A few years ago, NYC musician/publicist extraordinaire Curran Reynolds debuted his solo project, called Body Stuff, which was a total unexpected surprise. The endeavor is a departure from his previous work as the drummer for Today Is the Day and Wetnurse, as it combines industrial metal, post-rock and experimental drone with ’80s pop influences and haunting tones. As the mastermind and frontman of Body Stuff, Reynolds showcases a much more personal side of himself and the result is captivatingly brilliant. His new EP, Body Stuff 2, was recently released on Novermber 4 and features more of the harsh rhythms, dreamy melodies and dark, Michael Gira-esque vocals heard on the first Body Stuff EP. However, Body Stuff 2 also captures an eerie, isolated vibe, which reflects the remote surroundings in which the EP was written. In this recent interview with Svbterranean, Reynolds discusses the new EP, the circumstances surrounding the writing process and how it affected the themes present on the release. He also talks about his various influences, lyrical inspirations and much more.
How did Body Stuff come to fruition?
From age 10 onward I was totally obsessed with rock n’ roll. I started playing drums at 10 and I stuck with that instrument for about 25 years. By 2012, I had followed this path to the point where I’d gotten to join one of my favorite bands, Today Is the Day. I got to make one album with Today Is the Day, and tour Europe and the US a few times. I think through that process I fulfilled all my drummer dreams and it actually liberated me of those dreams, and allowed me to move forward to the next things in life. One of those next things was to make music that was all my own, and that’s what Body Stuff is.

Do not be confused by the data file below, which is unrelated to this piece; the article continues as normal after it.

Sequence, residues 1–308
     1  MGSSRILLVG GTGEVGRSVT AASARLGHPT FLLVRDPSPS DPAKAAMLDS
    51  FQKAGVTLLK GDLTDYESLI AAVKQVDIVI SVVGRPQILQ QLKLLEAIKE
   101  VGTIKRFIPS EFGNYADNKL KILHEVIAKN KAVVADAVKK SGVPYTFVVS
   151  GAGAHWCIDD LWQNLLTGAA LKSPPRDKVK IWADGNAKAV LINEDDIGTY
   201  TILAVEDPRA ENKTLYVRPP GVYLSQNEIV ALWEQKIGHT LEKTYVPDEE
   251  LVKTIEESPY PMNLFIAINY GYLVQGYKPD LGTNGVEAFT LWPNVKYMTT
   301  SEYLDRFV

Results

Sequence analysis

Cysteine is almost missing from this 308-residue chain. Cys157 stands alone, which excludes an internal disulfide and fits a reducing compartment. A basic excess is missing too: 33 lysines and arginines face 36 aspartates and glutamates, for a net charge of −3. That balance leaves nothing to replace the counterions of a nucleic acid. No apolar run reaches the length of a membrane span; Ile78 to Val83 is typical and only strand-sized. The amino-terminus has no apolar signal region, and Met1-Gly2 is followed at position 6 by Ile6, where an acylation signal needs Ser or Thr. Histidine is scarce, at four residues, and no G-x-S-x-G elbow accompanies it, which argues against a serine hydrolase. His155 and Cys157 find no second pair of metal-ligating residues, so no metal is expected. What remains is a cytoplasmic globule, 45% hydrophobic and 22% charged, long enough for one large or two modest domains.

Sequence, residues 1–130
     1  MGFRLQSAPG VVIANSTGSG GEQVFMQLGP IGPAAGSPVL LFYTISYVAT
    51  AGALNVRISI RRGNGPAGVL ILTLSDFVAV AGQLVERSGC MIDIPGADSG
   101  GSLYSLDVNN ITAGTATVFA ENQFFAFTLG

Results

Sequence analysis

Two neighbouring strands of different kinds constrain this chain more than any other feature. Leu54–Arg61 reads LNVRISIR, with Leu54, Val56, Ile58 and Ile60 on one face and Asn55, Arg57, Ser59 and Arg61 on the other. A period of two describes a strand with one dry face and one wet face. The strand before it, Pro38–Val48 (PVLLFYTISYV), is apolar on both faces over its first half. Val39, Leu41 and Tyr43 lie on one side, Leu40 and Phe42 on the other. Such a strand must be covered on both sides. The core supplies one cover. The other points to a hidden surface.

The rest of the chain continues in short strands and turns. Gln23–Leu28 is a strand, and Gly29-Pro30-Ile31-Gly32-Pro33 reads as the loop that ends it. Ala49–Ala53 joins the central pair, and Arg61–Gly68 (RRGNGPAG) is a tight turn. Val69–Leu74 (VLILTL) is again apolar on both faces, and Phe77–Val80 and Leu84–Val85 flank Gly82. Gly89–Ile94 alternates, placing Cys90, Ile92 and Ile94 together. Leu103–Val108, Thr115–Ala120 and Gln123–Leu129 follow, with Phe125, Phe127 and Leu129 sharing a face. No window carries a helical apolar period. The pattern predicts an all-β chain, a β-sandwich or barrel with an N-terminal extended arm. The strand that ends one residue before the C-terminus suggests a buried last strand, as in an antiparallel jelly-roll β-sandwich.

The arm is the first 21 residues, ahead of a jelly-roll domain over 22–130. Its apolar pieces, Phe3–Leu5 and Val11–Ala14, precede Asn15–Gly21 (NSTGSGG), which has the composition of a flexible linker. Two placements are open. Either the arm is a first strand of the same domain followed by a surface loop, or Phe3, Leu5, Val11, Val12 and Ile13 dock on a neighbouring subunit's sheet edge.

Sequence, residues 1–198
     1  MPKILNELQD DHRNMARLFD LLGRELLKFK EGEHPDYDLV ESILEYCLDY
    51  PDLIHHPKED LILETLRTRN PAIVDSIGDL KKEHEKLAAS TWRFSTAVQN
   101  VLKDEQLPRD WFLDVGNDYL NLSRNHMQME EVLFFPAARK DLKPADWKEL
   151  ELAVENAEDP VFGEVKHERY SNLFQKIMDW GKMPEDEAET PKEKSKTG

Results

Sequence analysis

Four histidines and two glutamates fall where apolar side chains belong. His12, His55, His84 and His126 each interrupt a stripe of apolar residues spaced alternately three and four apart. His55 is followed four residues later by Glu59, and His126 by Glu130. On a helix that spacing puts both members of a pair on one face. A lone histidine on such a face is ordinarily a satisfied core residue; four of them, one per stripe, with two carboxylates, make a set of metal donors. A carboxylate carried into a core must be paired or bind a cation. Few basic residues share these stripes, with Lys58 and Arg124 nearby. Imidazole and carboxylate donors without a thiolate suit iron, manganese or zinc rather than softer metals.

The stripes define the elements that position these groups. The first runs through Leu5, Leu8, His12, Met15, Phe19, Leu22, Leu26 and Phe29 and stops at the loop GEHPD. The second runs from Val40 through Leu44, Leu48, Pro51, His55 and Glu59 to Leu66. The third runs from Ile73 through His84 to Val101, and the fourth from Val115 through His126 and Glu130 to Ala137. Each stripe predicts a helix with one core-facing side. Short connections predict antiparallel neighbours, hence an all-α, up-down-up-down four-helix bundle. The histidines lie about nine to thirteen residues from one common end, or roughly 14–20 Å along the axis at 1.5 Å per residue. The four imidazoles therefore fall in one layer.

How are you feeling about the outcome of the new EP, Body Stuff 2?
It’s the best thing I’ve ever made. It’s the truest representation of what’s in my heart.
It’s been a few years since the first EP. What was the writing and recording process like for this one?
In spring 2013 I did my final tour with Today Is the Day. At the end of that tour I went to Maine to visit my family for a few weeks and instead of returning to my home in New York City as planned I wound up renting a house on a lake up there and staying all the way through the following spring. That year in Maine proved to be the end of one chapter and the start of another. It was a time of recuperation and reflection. It was there in the house on the lake that I wrote most of Body Stuff 2.
I made three trips down to New York during that year and each time I recorded some new Body Stuff music with Ryan Jones, my friend and engineer. When I moved back to the city in the summer of 2014 we continued. We worked sporadically in various practice spaces and apartments across the city and finally finished tracking and mixing in late 2015.
How does this release compare to the first EP?
The first EP was very much a New York City record. It was about making sense of life in New York, where I’d lived from 1998 up through then. The songs were written literally on the streets of New York, walking around the city alone. “Street Walker” is a song about choosing to regard the strangers on the street as friends instead of enemies. “Wanted Man” is sort of the flipside of that scenario, where your good intentions are misunderstood by the outside world. “New York Story” is specifically a tribute to my friend Mikhal who fell off a fire escape and died on Halloween night, 1999, after we’d spent a pretty wild summer together in the Lower East Side – but I think the song serves as an anthem for anyone who has experienced the sheer infinite power of youth then felt that power get cold and transform into something else.